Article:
Originally Published: January 15, 2012 9:58 p.m.
Rev. Martin Luther King Jr. was assassinated on April 4, 1968.
Four days later, a congressman from Michigan introduced the first legislation to create a holiday in King's honor. After a decade and a half of new and renewed efforts, the federal government established the third Monday of January as Martin Luther King Jr. Day in 1983.
The first official national observance was in 1986, and by then a hair more than half the nation's states had established statewide holidays. It wasn't until 1999, though, that all 50 states were on board.
In 1992, Arizona became the first state with a voter-approved iteration of the holiday after a string of controversies. There were last-minute opt-outs, political about-faces and executive orders that undermined executive orders that undermined state legislators - to say nothing of the infamous 1990 debacle in which Arizona lost Super Bowl XXVII to California.
The following is a partial catalog of watershed moments, primarily culled from a list on the Arizona State Library, Archives and Public Records' website and state newspaper archives, in the state and nation's rocky relationship with Martin Luther King Jr. Day:
April 4, 1968, Rev. Martin Luther King Jr. is assassinated.
April 8, 1968, U.S. Rep. John Conyers introduces the first federal legislation to establish a national holiday honoring King. Congress took no action, and Conyers introduces similar legislation for years to come.
Jan. 17, 1972, Arizona Sen. Cloves Campbell introduces the first state legislation to establish a statewide holiday honoring King. It died in committee. Multiple bills, most of which die in committee, follow in the next dozen years.
Nov. 3, 1983, President Ronald Reagan signs legislation establishing Martin Luther King Jr. Day following a 338-90 vote in the U.S. Congress and a 78-22 vote in the U.S. Senate. Arizona's three House Republicans get national attention for their nay votes, including current senator and former GOP presidential nominee John McCain.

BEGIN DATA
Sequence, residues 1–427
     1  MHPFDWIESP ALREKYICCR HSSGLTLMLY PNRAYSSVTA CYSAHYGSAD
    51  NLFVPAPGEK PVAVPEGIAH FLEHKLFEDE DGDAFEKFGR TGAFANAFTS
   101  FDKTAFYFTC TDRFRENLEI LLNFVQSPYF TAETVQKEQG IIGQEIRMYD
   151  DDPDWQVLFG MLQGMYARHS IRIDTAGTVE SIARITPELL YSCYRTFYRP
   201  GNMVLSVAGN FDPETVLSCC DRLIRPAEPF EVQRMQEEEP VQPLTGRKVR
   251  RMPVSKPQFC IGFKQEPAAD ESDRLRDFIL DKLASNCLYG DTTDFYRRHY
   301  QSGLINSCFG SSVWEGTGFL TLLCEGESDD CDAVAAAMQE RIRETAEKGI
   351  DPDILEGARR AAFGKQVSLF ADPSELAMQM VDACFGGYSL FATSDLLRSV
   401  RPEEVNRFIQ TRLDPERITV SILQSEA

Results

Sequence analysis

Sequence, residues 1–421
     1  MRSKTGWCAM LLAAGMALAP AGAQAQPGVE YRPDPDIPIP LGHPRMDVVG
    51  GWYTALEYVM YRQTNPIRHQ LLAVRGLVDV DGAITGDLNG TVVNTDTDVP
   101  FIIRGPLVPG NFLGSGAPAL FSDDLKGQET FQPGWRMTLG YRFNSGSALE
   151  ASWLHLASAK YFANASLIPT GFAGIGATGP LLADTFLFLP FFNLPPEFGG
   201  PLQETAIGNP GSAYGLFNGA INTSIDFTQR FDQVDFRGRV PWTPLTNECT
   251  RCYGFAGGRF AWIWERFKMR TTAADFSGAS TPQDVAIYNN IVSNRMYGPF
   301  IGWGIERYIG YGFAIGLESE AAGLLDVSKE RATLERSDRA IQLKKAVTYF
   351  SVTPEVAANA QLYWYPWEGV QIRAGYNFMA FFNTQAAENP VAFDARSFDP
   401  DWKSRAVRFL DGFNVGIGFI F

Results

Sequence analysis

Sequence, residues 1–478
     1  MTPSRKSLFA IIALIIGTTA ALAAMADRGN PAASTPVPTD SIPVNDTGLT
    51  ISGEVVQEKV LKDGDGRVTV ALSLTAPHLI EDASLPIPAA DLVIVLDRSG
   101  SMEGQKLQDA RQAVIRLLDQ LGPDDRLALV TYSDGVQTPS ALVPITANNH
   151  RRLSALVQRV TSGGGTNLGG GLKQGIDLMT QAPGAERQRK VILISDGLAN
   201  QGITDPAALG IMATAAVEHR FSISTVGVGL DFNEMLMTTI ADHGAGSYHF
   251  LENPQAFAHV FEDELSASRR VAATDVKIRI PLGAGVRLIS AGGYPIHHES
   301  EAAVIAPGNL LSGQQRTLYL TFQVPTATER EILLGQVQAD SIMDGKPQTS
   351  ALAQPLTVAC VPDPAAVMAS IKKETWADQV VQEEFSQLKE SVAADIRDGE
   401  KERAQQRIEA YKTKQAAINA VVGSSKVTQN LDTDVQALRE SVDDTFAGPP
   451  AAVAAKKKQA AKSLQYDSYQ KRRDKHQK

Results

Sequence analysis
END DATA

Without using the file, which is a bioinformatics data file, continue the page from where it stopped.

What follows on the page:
Jan. 20, 1986, Americans observe the first national Martin Luther King Jr. Day.
May 9, 1986, the Arizona Legislature rejects legislation to create a statewide Martin Luther King Jr. Day and roll celebration of George Washington and Abraham Lincoln's birthdays into Presidents Day.
May 18, 1986, Arizona Gov. Bruce Babbitt signs an executive order establishing a statewide Martin Luther King Jr. Day.
Jan. 12, 1987, newly elected Arizona Gov. Evan Mecham signs an executive order nullifying Babbitt's previous order. Mecham claims the Governor's Office doesn't have the authority to declare state holidays.
June 18, 1987, Mecham issues a proclamation establishing Martin Luther King Jr. Day, although this doesn't create an official, paid holiday.
Sept. 21, 1989, the Arizona Legislature creates a statewide Martin Luther King Jr. Day while eliminating Columbus Day as a paid holiday. Three days later, Tempe architect Julian Sanders and Italian-American groups launch a petition to take the issues to the voters.
May 17, 1990, the Arizona Legislature creates a statewide Martin Luther King Jr. Day while repealing the Columbus Day elimination. This issue is stilling going to voters, however.
Nov. 6, 1990, Arizona voters reject a pair of proposals, one of which would've created a statewide Martin Luther King Jr. Day while eliminating Columbus Day as a paid holiday, and another that would've resulted in paid holidays in honor of King and Columbus. Shortly thereafter, the National Football League moves the Arizona-earmarked site of the 1993 Super Bowl XXVII to California, largely in response to the Martin Luther King Jr. Day controversy.
March 12, 1991, the Arizona Legislature votes to bring the Martin Luther King Jr. holiday back to voters, this time alongside the Washington and Lincoln birthday roll into Presidents Day.
Nov. 3, 1992, Arizona voters accept the proposal, marking the first voter-approved state celebration of Martin Luther King Jr. Day.
Jan. 18, 1993, Arizonans observe the newly established Martin Luther King Jr. Day.
June 7, 1999, New Hampshire Governor Jean Shaheen signs legislation establishing statewide celebration of Martin Luther King Jr. Day. Now all 50 states observe the holiday, although some by different names.
Note: All Arizona state and U.S. representatives were contacted for this story. Although some were unable to arrange interviews, many didn't reply to phone calls and emails.